This is the final statement from Mrs Landau, as she reveals the concentration camp tattoo on her arm to Leo Hurwirtz. This is the scene that encapsulates the entire drama of both the film, and the true reality of Holocaust denial that existed until long after the war ended. The Eichmann Show perfectly captures how the 1961 trial of Adolf Eichmann, one of the most prominent architects of the Final Solution, opened the eyes and ears of the rest of the world.
The film follows Martin Freeman as Milton Fruchtman, an American producer, and Leo Hurwitz (portrayed by Anthony LaPaglia), a director blacklisted by the McCarthyites, as they pursue an international broadcast of Eichmann’s trial which they intend to be a masterful exploration of the nature of evil exacerbated by the power of television.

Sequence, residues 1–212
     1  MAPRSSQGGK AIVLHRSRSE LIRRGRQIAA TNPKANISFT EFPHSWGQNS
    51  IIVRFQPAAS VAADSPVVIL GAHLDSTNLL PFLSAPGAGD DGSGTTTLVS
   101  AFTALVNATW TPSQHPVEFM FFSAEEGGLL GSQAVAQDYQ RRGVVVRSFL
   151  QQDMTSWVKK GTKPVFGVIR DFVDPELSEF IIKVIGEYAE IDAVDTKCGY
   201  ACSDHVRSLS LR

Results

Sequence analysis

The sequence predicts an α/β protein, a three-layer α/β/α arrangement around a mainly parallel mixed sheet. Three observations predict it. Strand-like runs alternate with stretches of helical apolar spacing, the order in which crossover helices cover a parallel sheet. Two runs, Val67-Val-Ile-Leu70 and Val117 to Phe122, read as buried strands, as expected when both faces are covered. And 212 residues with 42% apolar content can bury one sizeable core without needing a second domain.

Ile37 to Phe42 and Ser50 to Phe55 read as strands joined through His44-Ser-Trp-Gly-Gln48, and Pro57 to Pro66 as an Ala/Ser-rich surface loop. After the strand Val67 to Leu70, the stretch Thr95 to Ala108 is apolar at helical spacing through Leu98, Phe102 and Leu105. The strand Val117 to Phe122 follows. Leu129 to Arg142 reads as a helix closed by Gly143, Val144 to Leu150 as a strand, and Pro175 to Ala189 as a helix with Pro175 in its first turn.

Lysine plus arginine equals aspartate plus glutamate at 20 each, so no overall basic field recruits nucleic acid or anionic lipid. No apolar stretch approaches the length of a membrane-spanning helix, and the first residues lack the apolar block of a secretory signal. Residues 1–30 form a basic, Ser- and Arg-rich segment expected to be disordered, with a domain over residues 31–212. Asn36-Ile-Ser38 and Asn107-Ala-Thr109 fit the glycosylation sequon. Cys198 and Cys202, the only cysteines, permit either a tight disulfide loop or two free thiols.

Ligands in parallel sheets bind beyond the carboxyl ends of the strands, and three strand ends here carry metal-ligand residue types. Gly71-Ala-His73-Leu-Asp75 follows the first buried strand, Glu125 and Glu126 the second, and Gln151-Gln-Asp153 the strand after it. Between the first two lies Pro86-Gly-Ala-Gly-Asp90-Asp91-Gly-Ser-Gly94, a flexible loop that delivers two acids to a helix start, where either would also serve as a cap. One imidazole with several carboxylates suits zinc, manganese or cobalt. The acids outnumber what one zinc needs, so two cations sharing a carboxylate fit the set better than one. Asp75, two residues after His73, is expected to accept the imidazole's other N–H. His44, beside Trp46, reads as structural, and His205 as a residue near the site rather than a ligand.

Archival footage of the actual trial was combined with the drama, perfectly encapsulating – and demonstrating to the viewer – just what was at stake with this trial, both in real terms and for Hurwitz and Fruchtman. Hurwitz’s obsession with Eichmann’s refusal to admit guilt and inability to acknowledge the evil he had perpetrated certainly aided in illustrating how little power to shock the atrocities committed by the Nazis have lost over time.
The use of clips from the trial of witnesses recalling the horrors that they had witnessed, combined with an intensely powerful script remind us that without knowing the truth, one cannot prevent such atrocities from recurring once more.